I learned about the African slave trade in school.  But I never learned about the Irish slave trade.  I never learned about the white slaves in Africa.  These things were quietly ignored.

This has nothing to do with justifying racism.  It has nothing to do with detracting from African suffering.  It has nothing to do with telling someone to ‘get over it.’

I am not asking for anything beyond the simple acceptance of facts.  I am not asking for pity, or sympathy, or empathy.  I am not asking for anger, or guilt, or any emotion at all.

It has everything to do with acknowledging the reality of history.  We can’t learn from history when we refuse to accept the whole of it.  And accepting the whole of history in no way diminishes any one part of it.  Tragedies are tragedies, there is little chance of having any major tragedy of history watered down through the knowledge of others.

References:

http://www.bbc.co.uk/history/british/empire_seapower/white_slaves_01.shtml#two

http://www.guardian.co.uk/uk/2004/mar/11/highereducation.books

http://www.globalresearch.ca/the-irish-slave-trade-the-forgotten-white-slaves/31076

Imagine…

…that you could only read 7% of the internet.

Imagine if you couldn’t understand most of what was posted on youtube.

Imagine if you were cut off from most global news.  Or worse, cut off from even understanding news about your own country or community from an outside (let’s say for the sake of argument, less biased) source.

Imagine if you couldn’t take free online college courses because you couldn’t read the lessons or communicate with the teacher?

How much knowledge would you be denied…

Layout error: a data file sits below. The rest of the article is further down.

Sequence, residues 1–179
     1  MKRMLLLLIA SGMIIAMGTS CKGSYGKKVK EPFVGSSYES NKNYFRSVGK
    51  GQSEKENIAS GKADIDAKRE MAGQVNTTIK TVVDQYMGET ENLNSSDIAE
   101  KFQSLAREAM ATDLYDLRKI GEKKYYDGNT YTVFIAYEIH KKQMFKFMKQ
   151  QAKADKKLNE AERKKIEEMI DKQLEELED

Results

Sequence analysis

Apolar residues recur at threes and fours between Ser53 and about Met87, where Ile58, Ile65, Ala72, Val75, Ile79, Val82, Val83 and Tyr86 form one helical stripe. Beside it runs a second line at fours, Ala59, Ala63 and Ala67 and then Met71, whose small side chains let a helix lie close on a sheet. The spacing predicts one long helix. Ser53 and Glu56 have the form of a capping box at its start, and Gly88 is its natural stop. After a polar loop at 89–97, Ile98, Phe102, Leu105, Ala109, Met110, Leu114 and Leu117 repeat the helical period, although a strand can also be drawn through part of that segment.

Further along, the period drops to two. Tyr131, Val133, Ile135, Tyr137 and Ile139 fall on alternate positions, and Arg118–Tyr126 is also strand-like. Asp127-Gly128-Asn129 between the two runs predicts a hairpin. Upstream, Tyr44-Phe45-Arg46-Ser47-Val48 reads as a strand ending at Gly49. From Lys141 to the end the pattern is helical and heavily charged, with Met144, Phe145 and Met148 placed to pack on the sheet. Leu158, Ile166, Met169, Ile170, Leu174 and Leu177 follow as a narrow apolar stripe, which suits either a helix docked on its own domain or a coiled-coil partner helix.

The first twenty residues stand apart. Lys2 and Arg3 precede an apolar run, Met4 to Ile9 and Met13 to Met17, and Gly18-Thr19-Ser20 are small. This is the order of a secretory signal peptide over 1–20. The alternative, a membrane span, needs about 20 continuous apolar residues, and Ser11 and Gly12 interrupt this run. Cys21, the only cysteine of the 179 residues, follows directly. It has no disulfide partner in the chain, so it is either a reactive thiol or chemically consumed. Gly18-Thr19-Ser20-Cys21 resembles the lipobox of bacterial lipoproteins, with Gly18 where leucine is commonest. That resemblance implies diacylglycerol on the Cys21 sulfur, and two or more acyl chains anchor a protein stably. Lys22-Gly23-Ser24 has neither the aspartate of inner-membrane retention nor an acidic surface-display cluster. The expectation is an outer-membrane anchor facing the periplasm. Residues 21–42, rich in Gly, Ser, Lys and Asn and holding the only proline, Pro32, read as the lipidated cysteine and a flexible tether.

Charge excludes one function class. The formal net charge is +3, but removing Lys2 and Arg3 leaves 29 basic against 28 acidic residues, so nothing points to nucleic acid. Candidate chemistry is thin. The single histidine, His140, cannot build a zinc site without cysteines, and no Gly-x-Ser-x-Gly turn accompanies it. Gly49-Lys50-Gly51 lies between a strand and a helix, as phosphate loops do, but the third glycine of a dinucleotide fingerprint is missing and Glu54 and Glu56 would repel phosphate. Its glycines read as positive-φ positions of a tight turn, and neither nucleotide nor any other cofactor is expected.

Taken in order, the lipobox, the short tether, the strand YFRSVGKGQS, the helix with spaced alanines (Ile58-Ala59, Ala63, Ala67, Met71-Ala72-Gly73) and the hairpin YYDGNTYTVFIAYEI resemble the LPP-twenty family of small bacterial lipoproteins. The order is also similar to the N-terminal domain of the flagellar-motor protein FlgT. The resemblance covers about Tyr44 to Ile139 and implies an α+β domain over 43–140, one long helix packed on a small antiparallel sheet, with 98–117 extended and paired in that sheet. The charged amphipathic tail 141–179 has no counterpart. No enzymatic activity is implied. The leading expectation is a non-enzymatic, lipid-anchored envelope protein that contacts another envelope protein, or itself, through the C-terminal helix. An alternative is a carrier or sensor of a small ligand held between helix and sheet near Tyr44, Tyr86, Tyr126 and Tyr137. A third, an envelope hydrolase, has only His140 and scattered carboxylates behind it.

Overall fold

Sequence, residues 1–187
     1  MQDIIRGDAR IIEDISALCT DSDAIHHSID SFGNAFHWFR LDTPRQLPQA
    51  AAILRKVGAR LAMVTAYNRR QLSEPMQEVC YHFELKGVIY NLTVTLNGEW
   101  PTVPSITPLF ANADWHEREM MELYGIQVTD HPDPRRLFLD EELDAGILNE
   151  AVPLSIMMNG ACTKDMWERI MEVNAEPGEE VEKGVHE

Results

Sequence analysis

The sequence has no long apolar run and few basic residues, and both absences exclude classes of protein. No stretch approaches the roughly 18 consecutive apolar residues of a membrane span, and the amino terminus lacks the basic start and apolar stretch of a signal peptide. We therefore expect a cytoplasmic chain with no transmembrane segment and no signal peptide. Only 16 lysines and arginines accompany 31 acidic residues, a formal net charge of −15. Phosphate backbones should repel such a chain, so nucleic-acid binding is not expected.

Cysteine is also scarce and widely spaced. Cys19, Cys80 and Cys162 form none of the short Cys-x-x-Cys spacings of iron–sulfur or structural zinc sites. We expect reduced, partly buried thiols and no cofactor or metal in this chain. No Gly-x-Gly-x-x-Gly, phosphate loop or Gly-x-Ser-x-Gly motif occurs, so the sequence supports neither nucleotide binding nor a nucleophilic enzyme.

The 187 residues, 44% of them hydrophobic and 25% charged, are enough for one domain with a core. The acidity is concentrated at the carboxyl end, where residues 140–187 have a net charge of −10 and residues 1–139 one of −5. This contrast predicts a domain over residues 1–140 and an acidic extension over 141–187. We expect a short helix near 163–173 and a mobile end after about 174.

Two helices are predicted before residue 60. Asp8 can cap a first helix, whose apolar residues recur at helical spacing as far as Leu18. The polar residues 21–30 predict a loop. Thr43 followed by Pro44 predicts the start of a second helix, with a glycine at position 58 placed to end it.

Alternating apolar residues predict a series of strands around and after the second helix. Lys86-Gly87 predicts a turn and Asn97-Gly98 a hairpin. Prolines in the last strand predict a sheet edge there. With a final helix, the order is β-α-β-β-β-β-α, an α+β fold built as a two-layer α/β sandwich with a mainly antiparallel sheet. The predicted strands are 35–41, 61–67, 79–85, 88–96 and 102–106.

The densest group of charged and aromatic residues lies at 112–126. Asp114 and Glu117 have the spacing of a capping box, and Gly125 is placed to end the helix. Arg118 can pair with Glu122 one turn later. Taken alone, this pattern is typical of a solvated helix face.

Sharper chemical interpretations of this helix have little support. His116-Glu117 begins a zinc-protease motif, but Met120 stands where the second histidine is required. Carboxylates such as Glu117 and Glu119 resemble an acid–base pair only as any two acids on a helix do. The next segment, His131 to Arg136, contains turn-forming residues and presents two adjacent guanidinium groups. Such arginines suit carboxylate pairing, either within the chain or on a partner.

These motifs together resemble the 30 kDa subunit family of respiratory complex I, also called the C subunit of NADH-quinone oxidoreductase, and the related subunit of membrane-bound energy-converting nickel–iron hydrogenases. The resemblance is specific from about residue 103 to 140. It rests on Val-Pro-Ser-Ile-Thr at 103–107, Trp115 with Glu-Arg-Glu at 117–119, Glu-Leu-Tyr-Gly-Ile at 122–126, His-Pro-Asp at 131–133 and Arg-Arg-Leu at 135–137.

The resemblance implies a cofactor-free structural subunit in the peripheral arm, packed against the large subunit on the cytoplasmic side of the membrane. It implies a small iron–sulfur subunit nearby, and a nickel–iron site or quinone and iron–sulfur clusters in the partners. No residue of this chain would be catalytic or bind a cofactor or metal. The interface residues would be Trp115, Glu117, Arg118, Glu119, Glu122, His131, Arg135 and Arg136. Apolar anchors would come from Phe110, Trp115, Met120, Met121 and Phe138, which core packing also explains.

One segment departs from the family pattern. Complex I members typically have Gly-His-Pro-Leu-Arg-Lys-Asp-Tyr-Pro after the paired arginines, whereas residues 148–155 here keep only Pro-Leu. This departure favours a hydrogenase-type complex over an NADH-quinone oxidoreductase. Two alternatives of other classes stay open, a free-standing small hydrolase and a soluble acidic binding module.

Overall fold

…if you didn’t speak English?

 

I don’t think it’s enough to have one common language to bring us all together.  I think we need to all understand and strive to communicate in multiple languages.

Language isn’t just a set of words and grammar rules; it’s a reflection of culture, belief, ideology, philosophy, history, and modern influences.

There is a reason that some phrases, some ideas, can’t be translated from one language to another, there is no common frame to draw from.  There is no common belief to relate to.  There is no common philosophy which binds these two languages together.

When we attempt to distill human language down to common denominators, when we try to make all other languages subordinate to one, we lose more than we could ever realize.  We lose phrases that can not be expressed, we lose understandings which can not be shared, we lose cultures which see the world differently.

It’s a shame that the US does not teach second or third languages from birth.  It’s a shame we live in such an overwhelmingly mono-linguistic society.

If you are multi-lingual, I would beg that you teach that to your children.  If you have a chance to learn another language, jump at it!  If you could preserve the diversity of language in the world, you can help preserve the diversity of cultures, too.

Imagine if you couldn’t read this post…

 

The painful irony is that I wouldn’t be able to.  I know less than the most basic Spanish, I know a few smattering words in Swedish and Hebrew.

And when I come across pages written in other languages, even other writing systems, I always wonder what it says, what I’m missing by being unable to understand.  I wonder if perhaps some beautiful wisdom or humorous anecdote  is lost to me because I know only one language.

Of course, I speak English, 95% (if not more) of the internet is open to me.

But what if it wasn’t?

I can’t help but imagine if I was denied the vastness of this body of human work because I couldn’t understand it.  Because I wonder if, in that 5% that is closed, there may hide some marvelous revelation that I have missed.

Or maybe it’s just more cat pictures.

I don’t know.